I think crowdsourcing is a great way to fund an invention. Not only does it help raise the funds you need to bring your invention to market, but it gets people personally involved in your success. Plus with a really great crowd source campaign, the exposure possibilities are endless. Hundreds of millions of people could see my invention. However, with this exposure it made me wonder, should I get a patent before I crowdsource?
Crowdsourcing The Cost Of A Patent
First, I thought maybe I should include the costs of my patent into the crowdsourcing program.
Patent applications can cost thousands of dollars, especially since I’d want to hire a professional to help me. So I thought about crowdsourcing the cost of a patent, but then I realized two important things: An existing patent gives my crowdsource campaign credibility and the exposure from the campaign could lead to risk.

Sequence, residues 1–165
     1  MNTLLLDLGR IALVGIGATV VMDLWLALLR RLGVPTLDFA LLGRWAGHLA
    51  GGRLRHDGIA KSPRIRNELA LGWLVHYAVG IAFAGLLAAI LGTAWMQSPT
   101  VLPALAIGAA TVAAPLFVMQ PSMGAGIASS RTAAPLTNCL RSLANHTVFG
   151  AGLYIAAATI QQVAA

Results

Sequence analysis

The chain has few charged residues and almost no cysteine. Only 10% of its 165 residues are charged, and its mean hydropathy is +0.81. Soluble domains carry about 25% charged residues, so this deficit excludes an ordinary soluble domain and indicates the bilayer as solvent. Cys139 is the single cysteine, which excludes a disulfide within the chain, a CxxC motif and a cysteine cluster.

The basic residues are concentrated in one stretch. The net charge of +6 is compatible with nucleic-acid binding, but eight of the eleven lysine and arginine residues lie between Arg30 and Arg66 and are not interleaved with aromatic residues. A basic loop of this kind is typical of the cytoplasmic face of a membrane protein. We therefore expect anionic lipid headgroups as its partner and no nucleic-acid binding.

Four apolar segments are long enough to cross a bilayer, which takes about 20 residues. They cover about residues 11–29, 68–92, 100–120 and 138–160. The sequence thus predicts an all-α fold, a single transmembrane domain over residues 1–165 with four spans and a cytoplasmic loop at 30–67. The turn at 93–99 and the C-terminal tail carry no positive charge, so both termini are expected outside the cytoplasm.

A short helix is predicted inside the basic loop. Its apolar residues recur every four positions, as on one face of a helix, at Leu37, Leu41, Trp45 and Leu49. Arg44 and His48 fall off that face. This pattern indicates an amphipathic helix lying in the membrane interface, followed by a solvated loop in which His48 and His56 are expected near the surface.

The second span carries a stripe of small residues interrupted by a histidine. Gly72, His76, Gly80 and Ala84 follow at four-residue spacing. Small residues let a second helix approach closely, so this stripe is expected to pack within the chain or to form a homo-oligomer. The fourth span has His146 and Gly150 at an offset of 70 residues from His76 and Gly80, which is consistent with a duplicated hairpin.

A Patent Gives More Credibility
When looking at comparable crowdsource campaigns, I realized that the most profitable ones already had a patent or at least “patent pending” status. Probably because crowdsource investors realize that with a patent, the invention is much more likely to be taken to market and more likely to be sold to them quickly.
Exposure Leads To Risk
Also, considering how many people will see my invention, if I don’t have a patent I could be exposing myself to risk of infringement. I realized that if someone from a larger venture saw my invention, especially someone who had manufacturing capabilities, they could steal my idea and beat me to market. I also thought about how someone could simply take my idea and file a patent, then sell it based on my success. In either of these scenarios, there would be little I could do to stop them.
So after thinking about it, I decided to file my patent first before my crowdsourcing campaign. The cost of a patent can be pretty high, but I realized I could also put the money up now and factor the costs into the crowdsource campaign later. That way, my crowdsource campaign will have more credibility, so I’ll be able to raise more money, and no one can steal my idea.